Iraq going down the john?





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Discus: College Confidential Café: 2004 Archive: Iraq going down the john?
By Vancat (Vancat) on Monday, August 02, 2004 - 02:45 pm: Edit

Unofficial survey here:

How long until Iraq creates a stable and viable economy, government, and society?

Never?
5-10 years?
10-50 years?
50-100 years?

SImple answer is all thats required, don't start typing long ass messages.

By Scubasteve (Scubasteve) on Monday, August 02, 2004 - 02:54 pm: Edit

50 years

By Steveruleworld (Steveruleworld) on Monday, August 02, 2004 - 03:16 pm: Edit

i'd say give it 10 years

By Vancat (Vancat) on Monday, August 02, 2004 - 03:43 pm: Edit

I'm shooting for 10-20 years. Give or take

By Jlq3d3 (Jlq3d3) on Monday, August 02, 2004 - 04:31 pm: Edit

I'd say 10 years. Look at what happened with us, we had a long revolution, rebellions, a long civil war, and more to get where we are today.
The economy there has improved a lot already. Unemployemnt dropping from 70% in 2000 to 30% now. They had no representation before, they will have elections soon. With all the oil they have, it will not be hard to fund things. The biggest problem is the divisions, since it is such a diverse country with shiites, sunnies, kurds, catholics, christians, and others.

By Scubasteve (Scubasteve) on Monday, August 02, 2004 - 04:44 pm: Edit

They are a lot more diverse than we ever were. Also take into account that a middle eastern dictatorship and a westernized democracy are like polar opposites. It is an extreme, unusual, and even in some cases unwanted change to the Iraqi people

My reason for saying 50 years is because I don't think this generation of Iraqis will ever adapt to the change. The next generation (their kids when they become adults and have kids of their own) will be more accustomed to it

By Craigk10 (Craigk10) on Monday, August 02, 2004 - 04:57 pm: Edit

A very, very long time.

By Goodchocolate (Goodchocolate) on Monday, August 02, 2004 - 05:07 pm: Edit

EDIT: I misread Jlq3d3's post.

By Lucifersam (Lucifersam) on Monday, August 02, 2004 - 05:10 pm: Edit

More than 50 years. And in my opinion, they WON'T have much oil very soon.

By Craigk10 (Craigk10) on Monday, August 02, 2004 - 05:26 pm: Edit

It's better for a developing country to not have any natural resources so they won't get screwed by the rest of the world (look at Costa Rica). Since Iraq does have natural resources, they are looking at an indefinite amount of time ... the last post just made me think of it.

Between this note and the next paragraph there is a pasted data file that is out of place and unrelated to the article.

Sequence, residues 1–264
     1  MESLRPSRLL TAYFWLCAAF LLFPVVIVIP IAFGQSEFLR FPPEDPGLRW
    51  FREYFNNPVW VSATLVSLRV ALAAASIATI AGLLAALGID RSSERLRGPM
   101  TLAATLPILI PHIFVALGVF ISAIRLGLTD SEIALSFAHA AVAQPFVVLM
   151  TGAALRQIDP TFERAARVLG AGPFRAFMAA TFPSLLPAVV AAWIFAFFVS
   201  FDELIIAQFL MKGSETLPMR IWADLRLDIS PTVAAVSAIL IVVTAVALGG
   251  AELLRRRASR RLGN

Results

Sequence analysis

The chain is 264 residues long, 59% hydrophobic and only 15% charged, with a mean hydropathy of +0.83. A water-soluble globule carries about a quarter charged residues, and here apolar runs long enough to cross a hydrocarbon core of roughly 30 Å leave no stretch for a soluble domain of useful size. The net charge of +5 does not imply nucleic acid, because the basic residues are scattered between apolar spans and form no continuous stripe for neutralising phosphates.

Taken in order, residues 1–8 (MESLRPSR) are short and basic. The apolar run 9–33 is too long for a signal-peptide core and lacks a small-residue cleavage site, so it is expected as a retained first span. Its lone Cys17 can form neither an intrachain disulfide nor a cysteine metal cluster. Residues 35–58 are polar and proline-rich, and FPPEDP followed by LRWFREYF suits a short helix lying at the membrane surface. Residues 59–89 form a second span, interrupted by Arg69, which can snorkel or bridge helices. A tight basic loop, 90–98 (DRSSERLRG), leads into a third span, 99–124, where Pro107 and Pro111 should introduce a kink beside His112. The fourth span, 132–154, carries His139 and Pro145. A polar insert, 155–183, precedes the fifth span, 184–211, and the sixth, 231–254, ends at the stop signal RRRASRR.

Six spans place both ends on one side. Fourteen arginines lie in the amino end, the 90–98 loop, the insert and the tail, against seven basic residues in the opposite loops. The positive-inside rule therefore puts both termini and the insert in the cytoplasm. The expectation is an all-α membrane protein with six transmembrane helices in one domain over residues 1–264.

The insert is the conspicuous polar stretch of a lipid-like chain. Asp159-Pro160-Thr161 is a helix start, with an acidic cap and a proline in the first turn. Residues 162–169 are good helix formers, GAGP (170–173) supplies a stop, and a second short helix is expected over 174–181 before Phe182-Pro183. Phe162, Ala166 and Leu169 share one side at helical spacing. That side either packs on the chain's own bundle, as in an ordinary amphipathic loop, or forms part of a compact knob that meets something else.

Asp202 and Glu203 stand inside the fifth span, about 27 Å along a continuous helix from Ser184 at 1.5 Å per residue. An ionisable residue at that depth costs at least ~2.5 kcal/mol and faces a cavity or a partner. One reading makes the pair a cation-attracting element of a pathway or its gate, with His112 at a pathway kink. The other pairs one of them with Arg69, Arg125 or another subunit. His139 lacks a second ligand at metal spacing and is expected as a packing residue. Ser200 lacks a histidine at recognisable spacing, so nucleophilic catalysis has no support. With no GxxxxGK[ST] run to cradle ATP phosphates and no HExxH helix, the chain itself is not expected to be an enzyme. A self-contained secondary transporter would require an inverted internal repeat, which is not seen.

By Savedbythebell7 (Savedbythebell7) on Monday, August 02, 2004 - 07:21 pm: Edit

I'm thinking about buying a 5 million dollar castle in iraq for about 300k...then holding it for a while.

By Scubasteve (Scubasteve) on Monday, August 02, 2004 - 08:21 pm: Edit

lol what happens when it gets blown up

By Thedad (Thedad) on Monday, August 02, 2004 - 09:05 pm: Edit

Indeterminate, subject to external events.

One thing that has become painfully clear is that the Bush/Cheney administration had no plan worth the name for a post-conflict Iraq.

As for the future Iraqi government being stable, democratic, and pro-American...choose any two.

The major ethno-religious puzzle pieces of Sunni, Shiite, and Kurd do not fit together well and there's little prospect for harmony. The scorecard: the Shiites have been oppressed for decades and half of them are in sympathy with the ayahtollahs and hardliners in Iran; they constitute 60 percent of the population and are being mostly client because the "democratic" road that Iraq is currently on is going to drop power right into their laps...why upset the apple cart?
The Sunnis fear trading clothes with the Shiites and being Oppressed instead of Oppressor. The religious differences are not like those between, say, Baptist and Catholic in this country...it's a blood sport that people are willing to die for. Moreover, the Sunnis were Saddam's people and there's going to be continuing ferment to reimplement Baathist rule. Then my favorites, the Kurds, the one group that has democratic ideals but has been diddled by the West several times in the past. They're worried about being diddled yet again, this time by the US willing to sell them out in exchange for a quiet Shiite majority. If I were them, I'd worry too.